Pruning is coming to a close with all cuts made and tying down is approximately 80% complete. The cover crop seeded in Autumn is slowly starting to grow thanks to warmer nights and sunnier days.
Pruning of the close-planted Pinot Noir is best described as a tale of ecstasy and agony. The view while doing this work is exquisite, the sun is warm and glorious. The vines are only 40cm from the ground so there is much bottom sitting and constant up and down moving from one vine to the next on a steep slope. The only other option is dry tobogganing. The vineyard plot has a density of 11,000 vines per hectare that translates to a planting of 0.8 meters between vines by 1.1 wide rows.
Winter 2022 has been wetter than usual and we’re expecting this to continue into spring. We are prepared, already having purchased a second sprayer last year. This ensures when the window is open, we can operate 2 sprayers instead of one ensuring the job is done on time. Certified biodynamic operators, like ourselves, only have the option of using sulphur, both dusting powder and wettable, applied every 7 days in the peak growing season. We are unable to use systemic fungicides that have a protection period of 14 days. Biodynamics has an operating ceiling for copper use to control downy mildew so we use it sparingly.
As I write this blog we are busy taking cuttings. Some for replants in our recently planted close planted vineyard, some for replants in our established vineyard. Cultivating machinery, inexperienced machinery operators and vermin are responsible for the misses. Fortunately, there are not many replants and the spring rain helps these replants become established.
Recently we bought 2 new heards of sheep. These lovely woolley creatures do an excellent job of eating down the grass around the trunk. Biodynamics prohibit the use of herbicides; the alternative is cultivation. A more expensive and a heavier footprint on the environment. This year we have been blessed with many lambs, including at least 10 twin births and 1 set of triplets. One ewe lost a twin due to a breach birth. When this happens, the ewe is sometimes overwhelmed and believes no lamb was born at all, subsequently rejecting the surviving lamb. When we first purchased our property, we bought 2 Murray Grey heifers who were joined. Unfortunately, one calf was stillborn. Distraught, we sought advice from the farmer we purchased the property from and he told us to purchase a bobbie calf (the sale yard was only 2km from us) put eucalyptus oil on the mother’s nose as well as the calf’s nose and behind. The scent overrides any doubts the mother might harbour and she accepts it as her own. This trick worked and the bobbie calf not only survived but thrived. We used this same tactic this week with the mother with one surviving twin and they are thankfully united.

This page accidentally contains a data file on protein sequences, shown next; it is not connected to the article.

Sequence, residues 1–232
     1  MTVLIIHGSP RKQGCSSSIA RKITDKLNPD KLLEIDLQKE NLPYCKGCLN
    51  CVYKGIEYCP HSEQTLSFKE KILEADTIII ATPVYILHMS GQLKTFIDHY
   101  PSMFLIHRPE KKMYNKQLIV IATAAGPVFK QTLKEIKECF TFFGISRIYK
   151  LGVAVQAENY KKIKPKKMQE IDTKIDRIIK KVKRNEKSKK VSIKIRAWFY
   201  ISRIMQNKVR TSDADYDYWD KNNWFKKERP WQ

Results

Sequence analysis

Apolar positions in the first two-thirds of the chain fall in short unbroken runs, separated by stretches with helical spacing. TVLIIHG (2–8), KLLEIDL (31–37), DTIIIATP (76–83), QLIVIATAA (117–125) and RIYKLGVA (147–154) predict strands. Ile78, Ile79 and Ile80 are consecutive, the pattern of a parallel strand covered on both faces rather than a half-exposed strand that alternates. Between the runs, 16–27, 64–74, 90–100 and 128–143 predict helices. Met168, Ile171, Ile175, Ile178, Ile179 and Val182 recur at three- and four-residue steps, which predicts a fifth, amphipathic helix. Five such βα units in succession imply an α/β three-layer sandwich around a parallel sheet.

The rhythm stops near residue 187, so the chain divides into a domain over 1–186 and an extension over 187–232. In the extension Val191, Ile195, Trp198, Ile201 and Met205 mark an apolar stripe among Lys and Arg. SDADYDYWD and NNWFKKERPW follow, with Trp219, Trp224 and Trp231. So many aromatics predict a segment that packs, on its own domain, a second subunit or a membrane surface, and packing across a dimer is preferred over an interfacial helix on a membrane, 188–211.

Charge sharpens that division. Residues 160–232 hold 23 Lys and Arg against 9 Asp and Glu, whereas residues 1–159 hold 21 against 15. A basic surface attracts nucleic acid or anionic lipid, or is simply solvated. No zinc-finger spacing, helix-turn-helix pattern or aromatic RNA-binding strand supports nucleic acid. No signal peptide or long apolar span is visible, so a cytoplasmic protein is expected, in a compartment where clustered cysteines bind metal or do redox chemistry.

During the colder months we have bottled the 2021 Estate chardonnay and disgorged our Brut Reserve NV ready for a spring released. If you missed my last blog you can catch it here, An American Odyssey, its all about our recent trip to the United States of America.
Last week we purchased a tow and blow frost fan to help mitigate frost at our vineyard in the Huon Valley. This equipment will reduce our need to burn oil (canola) pots and light wet hay to produce smoke at all hours of the night to mitigate frost settling on the young tender shoots.
We have a new little vineyard (exciting), just over 2ha, being planted at Blacksnake Road Granton, the trellising is finished and the irrigation is being installed. Depending on the weather we intend to plant before the end of September. Plantings are mostly chardonnay ear-tagged for our, Icon, Collina Chardonnay and some for sparkling wine fruit.
That’s all from Stefano Lubiana Wines. Look out for our next blog and share our news with your friends, colleagues, family or anyone who loves Tasmanian premium wine.